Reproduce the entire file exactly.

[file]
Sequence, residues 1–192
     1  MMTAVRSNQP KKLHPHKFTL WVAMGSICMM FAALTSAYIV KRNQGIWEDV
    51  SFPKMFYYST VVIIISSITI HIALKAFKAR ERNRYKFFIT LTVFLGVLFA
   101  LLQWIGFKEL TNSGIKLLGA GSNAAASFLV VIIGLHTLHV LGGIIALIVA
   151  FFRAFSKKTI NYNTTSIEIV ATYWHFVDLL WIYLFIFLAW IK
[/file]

Sequence, residues 1–192
     1  MMTAVRSNQP KKLHPHKFTL WVAMGSICMM FAALTSAYIV KRNQGIWEDV
    51  SFPKMFYYST VVIIISSITI HIALKAFKAR ERNRYKFFIT LTVFLGVLFA
   101  LLQWIGFKEL TNSGIKLLGA GSNAAASFLV VIIGLHTLHV LGGIIALIVA
   151  FFRAFSKKTI NYNTTSIEIV ATYWHFVDLL WIYLFIFLAW IK